Tropentag, September 17 - 19, 2018 in Ghent
"Global food security and food safety: The role of universities"
Farmer Researcher Networks as Instrument to Develop Smallholders' Adaptive Capacity
Silke Stöber1, M. Khais Prayoga2, Kustiwa Adinata3, Neni Rostini2, Mieke Setiawati2, Tandu Ramba4, Hari Iswoyo5, Kaimuddin Mole5, Rahmansyah Dermawan5, Amir Yassi5, Tualar Simarmata2
1Humboldt-Universität zu Berlin, Center for Rural Development (SLE), Germany
2Universitas Padjadjaran (UNPAD), Indonesia
3Ikatan Petani Pengendalian Hama Terpadu Indonesia (IPPHTI), Indonesia
4Gereja Toraja, Motivator Kondoran, Indonesia
5Universitas Hasanuddin (UNHAS), Indonesia
Densely populated countries with long coast lines in the tropical zone are highly vulnerable to climate change. Indonesia with more than 50,000 km coastline is such a hotspot and prone to multiple hazards - drought, floods, precipitation-triggered landslides and sea-level rise. Since 1990 the temperature has increased by 0.3°C per decade reaching critical heat stress levels for rice production. Rice is an important crop in Indonesia with 90% of the rice being produced by the 37 million small-scale farmers. These smallholders are often neglected by national policies for climate change adaptation. Therefore scholars and practitioners developed a climate field school approach that has been officially recognised by the government and presented as best practice in international platforms, e.g. at the COP23 in 2017. Climate field schools and agrometeorological learning have been proven to increase the adaptive capacity of farmers.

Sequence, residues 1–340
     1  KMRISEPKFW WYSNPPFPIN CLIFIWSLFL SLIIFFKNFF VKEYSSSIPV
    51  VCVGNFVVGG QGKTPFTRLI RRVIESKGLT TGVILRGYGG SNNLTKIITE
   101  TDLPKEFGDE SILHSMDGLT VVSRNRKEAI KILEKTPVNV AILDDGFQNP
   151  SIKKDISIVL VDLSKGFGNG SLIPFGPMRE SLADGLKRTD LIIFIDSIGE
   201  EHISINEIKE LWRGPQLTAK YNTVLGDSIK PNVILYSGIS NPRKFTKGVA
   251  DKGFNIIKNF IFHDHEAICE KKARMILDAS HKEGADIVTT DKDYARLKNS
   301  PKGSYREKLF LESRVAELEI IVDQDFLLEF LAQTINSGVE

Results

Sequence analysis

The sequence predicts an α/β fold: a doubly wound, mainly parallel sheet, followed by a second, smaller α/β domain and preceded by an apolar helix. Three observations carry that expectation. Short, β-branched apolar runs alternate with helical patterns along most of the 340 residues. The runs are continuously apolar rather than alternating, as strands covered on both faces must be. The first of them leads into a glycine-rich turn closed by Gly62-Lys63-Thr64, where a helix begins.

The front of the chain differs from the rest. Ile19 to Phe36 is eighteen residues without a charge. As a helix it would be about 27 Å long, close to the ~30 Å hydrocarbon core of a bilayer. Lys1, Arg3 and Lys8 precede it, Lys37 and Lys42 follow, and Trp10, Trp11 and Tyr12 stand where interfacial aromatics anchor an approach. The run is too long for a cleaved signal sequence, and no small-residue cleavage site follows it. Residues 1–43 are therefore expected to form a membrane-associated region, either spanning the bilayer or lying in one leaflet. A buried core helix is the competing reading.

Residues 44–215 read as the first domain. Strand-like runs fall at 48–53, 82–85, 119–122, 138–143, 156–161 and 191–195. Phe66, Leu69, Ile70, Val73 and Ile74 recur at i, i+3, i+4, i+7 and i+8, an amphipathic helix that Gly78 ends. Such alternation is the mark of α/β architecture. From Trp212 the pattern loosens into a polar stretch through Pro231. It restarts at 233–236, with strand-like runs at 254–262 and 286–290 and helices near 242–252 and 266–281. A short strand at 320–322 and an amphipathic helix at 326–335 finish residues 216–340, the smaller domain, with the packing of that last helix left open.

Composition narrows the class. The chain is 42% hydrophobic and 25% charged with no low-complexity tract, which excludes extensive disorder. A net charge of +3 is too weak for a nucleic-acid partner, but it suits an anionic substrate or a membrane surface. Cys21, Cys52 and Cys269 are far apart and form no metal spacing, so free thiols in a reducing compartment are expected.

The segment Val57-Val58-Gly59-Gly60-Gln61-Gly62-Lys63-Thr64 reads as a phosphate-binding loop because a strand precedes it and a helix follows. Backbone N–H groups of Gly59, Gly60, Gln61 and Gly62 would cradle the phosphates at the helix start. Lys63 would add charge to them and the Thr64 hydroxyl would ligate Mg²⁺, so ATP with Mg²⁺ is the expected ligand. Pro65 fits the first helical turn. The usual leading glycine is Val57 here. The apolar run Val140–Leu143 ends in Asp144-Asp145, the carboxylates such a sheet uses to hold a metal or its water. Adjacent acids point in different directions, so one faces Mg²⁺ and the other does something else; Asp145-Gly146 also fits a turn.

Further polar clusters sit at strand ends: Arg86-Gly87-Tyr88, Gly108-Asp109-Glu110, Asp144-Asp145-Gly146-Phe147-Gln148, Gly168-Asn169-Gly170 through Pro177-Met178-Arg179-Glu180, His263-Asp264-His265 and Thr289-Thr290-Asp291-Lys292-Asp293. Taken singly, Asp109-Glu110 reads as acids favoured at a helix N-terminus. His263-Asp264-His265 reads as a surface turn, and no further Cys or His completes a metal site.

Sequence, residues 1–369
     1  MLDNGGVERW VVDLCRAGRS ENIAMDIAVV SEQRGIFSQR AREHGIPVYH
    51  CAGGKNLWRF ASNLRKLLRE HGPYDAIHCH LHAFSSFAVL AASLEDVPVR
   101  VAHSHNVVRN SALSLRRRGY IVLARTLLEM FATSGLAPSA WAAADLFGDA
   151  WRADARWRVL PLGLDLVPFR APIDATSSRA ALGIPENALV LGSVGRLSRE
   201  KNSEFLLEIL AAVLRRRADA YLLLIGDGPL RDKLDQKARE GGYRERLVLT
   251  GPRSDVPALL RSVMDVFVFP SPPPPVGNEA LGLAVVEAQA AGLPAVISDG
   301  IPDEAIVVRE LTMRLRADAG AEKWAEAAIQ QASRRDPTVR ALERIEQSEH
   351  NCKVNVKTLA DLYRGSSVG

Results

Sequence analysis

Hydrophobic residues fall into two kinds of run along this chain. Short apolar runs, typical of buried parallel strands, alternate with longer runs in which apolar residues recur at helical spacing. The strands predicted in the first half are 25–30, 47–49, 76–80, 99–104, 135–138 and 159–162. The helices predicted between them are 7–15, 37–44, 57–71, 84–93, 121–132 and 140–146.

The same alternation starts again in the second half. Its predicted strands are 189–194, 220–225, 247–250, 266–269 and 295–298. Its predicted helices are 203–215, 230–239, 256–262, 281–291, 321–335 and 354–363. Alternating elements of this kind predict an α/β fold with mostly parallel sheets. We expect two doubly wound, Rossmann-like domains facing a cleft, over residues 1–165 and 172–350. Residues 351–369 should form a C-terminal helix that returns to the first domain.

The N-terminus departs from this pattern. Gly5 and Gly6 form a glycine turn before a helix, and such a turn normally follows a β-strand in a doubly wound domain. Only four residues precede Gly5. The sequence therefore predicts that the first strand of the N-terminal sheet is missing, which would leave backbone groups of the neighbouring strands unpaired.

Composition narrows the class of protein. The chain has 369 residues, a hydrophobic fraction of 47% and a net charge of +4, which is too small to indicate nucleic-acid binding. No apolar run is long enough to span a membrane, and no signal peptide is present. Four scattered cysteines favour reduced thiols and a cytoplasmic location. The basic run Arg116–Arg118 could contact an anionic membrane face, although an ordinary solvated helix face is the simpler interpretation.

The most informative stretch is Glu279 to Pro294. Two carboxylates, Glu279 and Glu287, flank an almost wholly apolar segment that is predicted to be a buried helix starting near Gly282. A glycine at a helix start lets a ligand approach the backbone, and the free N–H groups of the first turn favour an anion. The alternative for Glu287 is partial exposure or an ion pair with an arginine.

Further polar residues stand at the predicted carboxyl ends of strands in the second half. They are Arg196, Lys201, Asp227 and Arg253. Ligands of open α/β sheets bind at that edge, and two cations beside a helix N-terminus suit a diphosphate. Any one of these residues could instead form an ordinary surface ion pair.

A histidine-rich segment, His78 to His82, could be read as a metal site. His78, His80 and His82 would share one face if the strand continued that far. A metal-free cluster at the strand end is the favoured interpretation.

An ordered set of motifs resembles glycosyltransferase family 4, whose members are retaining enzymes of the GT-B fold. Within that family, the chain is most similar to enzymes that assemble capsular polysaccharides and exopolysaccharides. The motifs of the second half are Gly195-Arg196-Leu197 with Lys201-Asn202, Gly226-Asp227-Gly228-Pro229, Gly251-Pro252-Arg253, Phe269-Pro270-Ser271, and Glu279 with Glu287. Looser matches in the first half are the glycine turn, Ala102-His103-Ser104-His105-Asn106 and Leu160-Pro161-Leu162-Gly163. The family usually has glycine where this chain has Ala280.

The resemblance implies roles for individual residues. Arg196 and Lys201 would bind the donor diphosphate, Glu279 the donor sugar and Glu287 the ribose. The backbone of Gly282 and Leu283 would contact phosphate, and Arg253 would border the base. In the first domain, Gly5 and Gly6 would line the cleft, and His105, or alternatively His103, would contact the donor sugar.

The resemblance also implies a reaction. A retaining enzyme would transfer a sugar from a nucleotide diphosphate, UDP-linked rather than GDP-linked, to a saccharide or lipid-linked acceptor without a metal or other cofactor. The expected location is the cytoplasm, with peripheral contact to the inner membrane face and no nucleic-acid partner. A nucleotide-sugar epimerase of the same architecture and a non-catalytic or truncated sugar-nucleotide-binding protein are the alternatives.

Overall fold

In the climate field school approach two different kind of knowledge schools are brought together: practical knowledge of farmers and academic knowledge of university staff. Farmers are enabled to monitor, document and assess the results of on-farm trials in the field (=farmer researcher). Scholars understand how to translate and make use of academic knowledge in a solution-oriented manner, including the development of training handbooks and hands-on assessment methods. The implementing organisations act as knowledge brokers between academic and practice at local, and upscale knowledge to regional and national levels.
Tested and new climate resilient agricultural practices of rice farming are trialed on farmer's fields. It comprises the system of rice intensification, stress-tolerant rice varieties, floating paddy fields to integrated rice-azolla-duck-fish-farming. The costs and benefit analysis of selected practices from 8 villages located in West Java and South Sulawesi indicate the challenges of introducing new farming techniques. Moreover, a multi-stakeholder research process that brings farmer researchers, academic researchers and farmer organisations together requires a long-term platform to unlock its potential. Putting farmers' aspirations and needs in the centre and a multi-level solution space are the keys to success for building adaptive capacities for climate resilient agriculture.
Keywords: Adaptive capacity, climate change, climate-resilient rice production, farmer field school, knowledge systems
Contact Address: Silke Stöber, Humboldt-Universität zu Berlin, Center for Rural Development (SLE), Robert-Koch-Platz 4, 10115 Berlin, Germany, e-mail: silke.stoeberagrar.hu-berlin.de